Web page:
"The report, commissioned in 2001 by the agency's administrator, Christie Whitman, was intended to provide the first comprehensive review of what is known about various environmental problems, where gaps in understanding exist and how to fill them.

Agency officials said it was tentatively scheduled to be released early next week, before Mrs. Whitman steps down on June 27, ending a troubled time in office that often put her at odds with President Bush.

Drafts of the climate section, with changes sought by the White House, were given to The New York Times yesterday by a former E.P.A. official, along with earlier drafts and an internal memorandum in which some officials protested the changes. Two agency officials, speaking on the condition of anonymity, said the documents were authentic.

The editing eliminated references to many studies concluding that warming is at least partly caused by rising concentrations of smokestack and tail-pipe emissions and could threaten health and ecosystems.

Among the deletions were conclusions about the likely human contribution to warming from a 2001 report on climate by the National Research Council that the White House had commissioned and that President Bush had endorsed in speeches that year. White House officials also deleted a reference to a 1999 study showing that global temperatures had risen sharply in the previous decade compared with the last 1,000 years. In its place, administration officials added a reference to a new study, partly financed by the American Petroleum Institute, questioning that conclusion."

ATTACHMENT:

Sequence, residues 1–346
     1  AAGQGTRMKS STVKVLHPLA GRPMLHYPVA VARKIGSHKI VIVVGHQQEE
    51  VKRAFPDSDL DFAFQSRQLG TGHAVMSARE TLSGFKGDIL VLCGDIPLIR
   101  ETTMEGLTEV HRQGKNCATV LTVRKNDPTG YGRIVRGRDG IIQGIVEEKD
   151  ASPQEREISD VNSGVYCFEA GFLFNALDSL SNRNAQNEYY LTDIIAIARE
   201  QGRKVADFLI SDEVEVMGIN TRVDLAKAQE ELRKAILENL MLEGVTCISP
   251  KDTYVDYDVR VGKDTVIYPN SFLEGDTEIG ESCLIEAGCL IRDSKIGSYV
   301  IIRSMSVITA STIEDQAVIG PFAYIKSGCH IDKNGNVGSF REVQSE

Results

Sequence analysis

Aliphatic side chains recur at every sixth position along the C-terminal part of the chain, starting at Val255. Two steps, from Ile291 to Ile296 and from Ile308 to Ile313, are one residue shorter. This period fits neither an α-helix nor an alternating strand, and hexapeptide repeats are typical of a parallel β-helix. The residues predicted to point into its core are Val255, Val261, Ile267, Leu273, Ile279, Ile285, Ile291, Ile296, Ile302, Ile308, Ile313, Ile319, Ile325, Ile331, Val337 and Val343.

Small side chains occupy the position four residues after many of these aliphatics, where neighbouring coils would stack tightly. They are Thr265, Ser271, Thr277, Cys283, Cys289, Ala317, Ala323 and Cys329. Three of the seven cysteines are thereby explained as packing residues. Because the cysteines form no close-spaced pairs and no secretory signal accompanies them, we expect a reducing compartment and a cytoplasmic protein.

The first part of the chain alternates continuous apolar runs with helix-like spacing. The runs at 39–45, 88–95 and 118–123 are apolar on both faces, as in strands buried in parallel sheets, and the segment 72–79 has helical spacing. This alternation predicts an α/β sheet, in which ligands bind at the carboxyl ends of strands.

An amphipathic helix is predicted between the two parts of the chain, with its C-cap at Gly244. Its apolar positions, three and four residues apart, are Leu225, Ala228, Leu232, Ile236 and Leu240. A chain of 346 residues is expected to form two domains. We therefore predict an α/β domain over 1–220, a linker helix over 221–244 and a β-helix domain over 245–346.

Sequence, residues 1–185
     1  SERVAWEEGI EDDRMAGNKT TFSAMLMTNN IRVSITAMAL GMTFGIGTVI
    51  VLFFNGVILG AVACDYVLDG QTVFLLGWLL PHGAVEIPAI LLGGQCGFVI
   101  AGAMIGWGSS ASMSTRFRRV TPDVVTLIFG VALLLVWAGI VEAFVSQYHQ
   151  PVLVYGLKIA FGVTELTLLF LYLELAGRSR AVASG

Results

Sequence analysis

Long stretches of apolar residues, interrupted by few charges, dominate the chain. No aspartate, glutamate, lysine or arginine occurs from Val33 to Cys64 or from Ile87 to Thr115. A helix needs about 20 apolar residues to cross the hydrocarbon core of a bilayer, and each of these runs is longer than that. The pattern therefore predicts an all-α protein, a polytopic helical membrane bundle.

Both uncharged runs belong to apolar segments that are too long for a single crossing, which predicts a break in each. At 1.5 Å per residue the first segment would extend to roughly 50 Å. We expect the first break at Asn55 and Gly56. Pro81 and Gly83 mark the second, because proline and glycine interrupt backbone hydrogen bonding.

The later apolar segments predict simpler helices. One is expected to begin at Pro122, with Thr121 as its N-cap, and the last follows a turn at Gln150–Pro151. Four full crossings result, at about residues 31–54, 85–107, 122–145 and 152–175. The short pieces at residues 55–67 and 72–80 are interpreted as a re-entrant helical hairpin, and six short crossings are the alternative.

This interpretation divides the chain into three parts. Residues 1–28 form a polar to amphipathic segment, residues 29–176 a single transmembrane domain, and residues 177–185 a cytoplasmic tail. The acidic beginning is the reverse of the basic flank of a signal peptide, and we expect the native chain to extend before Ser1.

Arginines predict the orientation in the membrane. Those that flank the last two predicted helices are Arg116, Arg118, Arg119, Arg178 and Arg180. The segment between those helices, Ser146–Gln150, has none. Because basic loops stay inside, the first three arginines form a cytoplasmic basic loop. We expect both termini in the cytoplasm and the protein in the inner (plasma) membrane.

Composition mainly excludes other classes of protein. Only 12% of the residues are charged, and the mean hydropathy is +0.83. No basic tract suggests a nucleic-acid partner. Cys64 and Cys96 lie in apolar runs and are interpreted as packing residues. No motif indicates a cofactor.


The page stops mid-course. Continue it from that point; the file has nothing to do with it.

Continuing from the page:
The article goes on to quote departing EPA Chief Christie Whitman as follows:

"The first draft, as with many first drafts, contained everything....As it went through the review, there was less consensus on the science and conclusions on climate change."

One suspects the lack of consensus features scientists on one side, with a collection of right-wing political hacks on the other.

Tuesday, June 17, 2003

Peppered Mice? From The New York Times comes this article about
Rock Pocket Mice in the American Southwest. Most of these mice sport a sandy beige color, perfect for camouflaging themselves against a desrt background.
But in certain areas, ancient lava flows have darkened the ground to a point where the mice are far more visible to predators, especially owls. In these areas a dark form of the mouse has evolved.

This case parallels that of the peppered moth, in which a dark form of the normally light-colored moth evolved in response to industrial pollution that darkened the trees on which the moths reside. Creationists have seized on the peppered moth example, pointing out that more recent research has suggested that the adaptive signifcance of dark coloration may be more complicated than mere camouflage from predators. In their telling this constitutes some great scandal.

Anyway, the present example is especially significant for two further reasons. The first is that the selection pressures to which the mice were responding were entirely natural. In this they differ from several other notable cases of rapid evolutionary change. For example, the pollution to which the moths responded was man-made, as were the pesticides to which certain strains of fruit flies developed resistance. The second reason is that geneticists were able to identify the precise genes responsible for the color change.

Perhaps the mice will become a new textbook example of evolution in action.